In spite and despite of the disturbing price escalation in the world market of a commodity that we humans cannot exist without, namely oil, offshore drilling is never a choice. Not only will engaging in this kind of activity bring harm to our environment, with the possibility of oil spills and grave disturbances to the marine life, but this will not bring about lower oil prices as predicted. Fossil fuels, which include oil, coal and natural gas, are nonrenewable sources of energy (California Energy Commission, 2006).
These came from diatoms, creatures like planktons, that died billions of years ago and their bodies were buried under heavy sedimentation through out time (California Energy Commission, 2006). Somehow, these creatures were preserved by nature with their energies intact, and gradually they became what we now call fossil fuels (California Energy Commission, 2006). The fossil fuel, oil, is considered to be one of the most needed commodities in the world.
In the United States alone, oil consumption reached 20,680,000 barrels daily in 2007 (Energy Information Administration, 2008). One oil barrel is equivalent to 158. 9872 liters and each barrel is now priced in the world market as $106. 23 (Williams, 2008). This is no surprise as to the fossil fuel in its oil form serves many purposes in various industries not only in the country, but around the globe as well. Inside the house, oil can be seen being utilized from appliances to cosmetic products, plastic containers to candles (Paleontological Research Institution, 2005).
Oil, through refining makes very good synthetic fibers that usually end up in our curtains and carpets (Paleontological Research Institution, 2005). Oil can be used to make detergents, synthetic shoes, rubber, some drugs, pen ink, bandages, paint, and fertilizers (Paleontological Research Institution, 2005). Apparently, not even half of the oil used for these household and industrial items can measure up to utilization of oil in terms of petroleum consumption. The increasing demand in the country and the increasing world market price prompted the president to reconsider offshore drilling.
Offshore drilling is a process which involves the utilization of certain machines that enable them to “dig” into offshore lands, usually found in the middle of big bodies of water (Freudenrich, 2001). But it’s not the only requirement needed to operate gigantic oil rigs, finding oil, preparing to dig, the process of drilling itself, and then they will test for oil and extract afterwards (Freudenrich, 2001). The monetary amount needed to finance an offshore drilling project or business is estimated to cost $500,000 to $550,000 a day, for renting the oil rig alone (Philips, 2008).
The huge amount of financing needed is the start of a string of questions directed towards the president for even thinking of uplifting the ban on this industry. It’s not only the monetary issue; the time allotted for this drilling is not in terms of months. Its going to years before oil is actually dug out of the outer continental shelf anticipated to happen in 2017, which is not really going to help the crisis at hand (Horton, 2008). Also, because the country does not have as much oil supply as the middle east countries do, its contribution to the global market will only be around 0. million barrels per day, compared to world production of 82. 5 billion barrels per day (Horton, 2008). Monetary and time issues are one thing, but putting the environment at risk is the bigger picture, and combined, there is really no other explanation why offshore drilling should never take place. Creating oil rigs in the middle of the ocean entails a lot of digging and in the process, the natural habitat of the sea creatures are disturbed. Erosion, destruction of kelp beds, reefs and coastal wetlands are among the consequences of digging (Rainforest Action Network, 2002).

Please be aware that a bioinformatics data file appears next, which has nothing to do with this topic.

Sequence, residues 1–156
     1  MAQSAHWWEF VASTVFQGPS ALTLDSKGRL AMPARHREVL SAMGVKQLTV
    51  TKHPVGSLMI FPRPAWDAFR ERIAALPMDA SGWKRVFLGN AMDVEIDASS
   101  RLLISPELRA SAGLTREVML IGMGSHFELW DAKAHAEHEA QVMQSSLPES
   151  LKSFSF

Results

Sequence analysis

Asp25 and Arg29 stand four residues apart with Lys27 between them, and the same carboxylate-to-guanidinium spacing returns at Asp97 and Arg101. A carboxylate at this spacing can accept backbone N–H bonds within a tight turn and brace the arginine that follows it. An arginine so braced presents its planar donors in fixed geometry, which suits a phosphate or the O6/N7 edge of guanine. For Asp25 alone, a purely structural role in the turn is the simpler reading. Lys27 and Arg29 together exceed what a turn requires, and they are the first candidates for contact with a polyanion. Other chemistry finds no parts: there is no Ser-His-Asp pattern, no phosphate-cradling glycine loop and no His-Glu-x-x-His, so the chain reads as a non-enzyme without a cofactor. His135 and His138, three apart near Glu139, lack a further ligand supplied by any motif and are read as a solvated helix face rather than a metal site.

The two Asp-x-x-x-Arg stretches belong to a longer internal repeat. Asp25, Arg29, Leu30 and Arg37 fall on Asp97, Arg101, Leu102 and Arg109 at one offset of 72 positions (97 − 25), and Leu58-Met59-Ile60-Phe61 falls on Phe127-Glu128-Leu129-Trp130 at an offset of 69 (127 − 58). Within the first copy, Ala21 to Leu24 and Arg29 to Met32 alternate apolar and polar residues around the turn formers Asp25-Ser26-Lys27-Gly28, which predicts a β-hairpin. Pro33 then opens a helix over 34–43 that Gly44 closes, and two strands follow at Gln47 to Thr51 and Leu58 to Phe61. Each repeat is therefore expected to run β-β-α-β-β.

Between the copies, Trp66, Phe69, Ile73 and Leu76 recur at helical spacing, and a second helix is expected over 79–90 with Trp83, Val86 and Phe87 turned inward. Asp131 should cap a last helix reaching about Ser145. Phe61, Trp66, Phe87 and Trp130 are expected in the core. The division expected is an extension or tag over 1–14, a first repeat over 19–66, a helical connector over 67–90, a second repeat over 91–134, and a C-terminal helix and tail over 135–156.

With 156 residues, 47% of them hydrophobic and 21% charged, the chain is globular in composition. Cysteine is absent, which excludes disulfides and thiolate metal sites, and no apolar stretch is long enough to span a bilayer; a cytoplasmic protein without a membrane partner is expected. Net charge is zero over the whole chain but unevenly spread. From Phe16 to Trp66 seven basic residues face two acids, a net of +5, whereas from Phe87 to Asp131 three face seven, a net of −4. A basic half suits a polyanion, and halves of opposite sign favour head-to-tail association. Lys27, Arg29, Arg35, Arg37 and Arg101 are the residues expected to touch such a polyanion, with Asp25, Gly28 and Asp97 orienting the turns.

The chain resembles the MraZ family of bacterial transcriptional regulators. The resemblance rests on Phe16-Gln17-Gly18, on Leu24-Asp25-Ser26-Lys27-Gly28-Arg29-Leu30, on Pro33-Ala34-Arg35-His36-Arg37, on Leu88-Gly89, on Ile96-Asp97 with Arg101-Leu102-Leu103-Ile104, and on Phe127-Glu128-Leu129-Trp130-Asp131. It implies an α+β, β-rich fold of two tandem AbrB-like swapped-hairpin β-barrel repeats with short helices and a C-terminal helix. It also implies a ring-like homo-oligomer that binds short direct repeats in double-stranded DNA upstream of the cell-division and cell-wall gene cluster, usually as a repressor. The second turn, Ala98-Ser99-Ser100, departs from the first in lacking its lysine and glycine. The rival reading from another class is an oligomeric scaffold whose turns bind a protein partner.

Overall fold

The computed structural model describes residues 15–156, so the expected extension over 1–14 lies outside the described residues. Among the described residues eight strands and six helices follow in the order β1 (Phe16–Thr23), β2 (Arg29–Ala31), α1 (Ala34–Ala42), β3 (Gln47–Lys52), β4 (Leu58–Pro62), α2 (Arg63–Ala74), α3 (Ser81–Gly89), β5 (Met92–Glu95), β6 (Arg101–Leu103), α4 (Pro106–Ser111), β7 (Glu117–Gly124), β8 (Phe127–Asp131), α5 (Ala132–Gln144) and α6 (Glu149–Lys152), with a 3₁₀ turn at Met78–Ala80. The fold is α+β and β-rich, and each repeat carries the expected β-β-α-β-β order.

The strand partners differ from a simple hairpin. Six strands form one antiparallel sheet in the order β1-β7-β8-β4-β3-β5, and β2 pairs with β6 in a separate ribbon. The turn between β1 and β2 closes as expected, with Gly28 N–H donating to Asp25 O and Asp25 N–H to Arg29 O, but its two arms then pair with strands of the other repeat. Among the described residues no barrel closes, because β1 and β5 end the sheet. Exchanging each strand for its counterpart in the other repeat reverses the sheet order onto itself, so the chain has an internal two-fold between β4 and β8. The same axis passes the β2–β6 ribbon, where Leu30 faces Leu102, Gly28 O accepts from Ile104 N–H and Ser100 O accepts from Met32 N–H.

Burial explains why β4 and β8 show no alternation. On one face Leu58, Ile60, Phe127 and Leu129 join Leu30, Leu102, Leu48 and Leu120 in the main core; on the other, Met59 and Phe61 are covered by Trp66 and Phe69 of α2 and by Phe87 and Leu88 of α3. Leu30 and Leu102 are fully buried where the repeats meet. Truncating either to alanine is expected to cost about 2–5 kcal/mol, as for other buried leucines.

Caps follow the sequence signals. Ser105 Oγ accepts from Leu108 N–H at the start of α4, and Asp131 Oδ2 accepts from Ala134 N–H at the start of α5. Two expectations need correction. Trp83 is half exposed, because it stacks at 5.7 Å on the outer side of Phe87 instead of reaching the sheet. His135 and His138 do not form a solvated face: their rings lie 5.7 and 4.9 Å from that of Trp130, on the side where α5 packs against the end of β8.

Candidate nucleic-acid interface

Locating oil deposits employ the use of a seismic tester, which creates decibel levels of 260, which can cause disorientation, beaching, and brain hemorrhaging in whales and dolphins (Greenpeace, 2008). It is not only oil that is released through all the digging and drilling, contaminants such as mercury lead, cadmium and radioactive substances such as radium are also released (Greenpeace, 2008). Pollution from oil rigs can cause health and reproductive problems for marine creatures and the threat of oil spills is always a possibility (Rainforest Action Network, 2002).
In fact, oil spills have the worst, devastating effect on the environment. When ingested, it can cause death and other grave physiologic effects on the body (Marine Environment Protection, 2003). The pollution offshore drilling contributes can leave over 90,000 metric tons of drilling fluid and metal cuttings into the ocean, 50 to 100 wells can dump 25,000 pounds of toxic metals, and strong carcinogens like toluene, benzene, and xylene into the ocean, and pollute the air equivalent to 7,000 cars driving 50 miles a day (Rainforest Action Network, 2002).
Offshore drilling is not the answer to increasing oil prices and uncontrollable demands. Fossil fuels are not renewable and if things are going to look as devastating as they are right now, researching and developing renewable sources of energy will save money and not endanger the environment. Conserving energy and cutting back consumption is always an option that people can do to help in lieu of this problem. Alternative sources like wind power and water power will help too. A quick fix is not the real solution because as long as one side of the camp is not approving and unhappy, there has to be something wrong with that solution.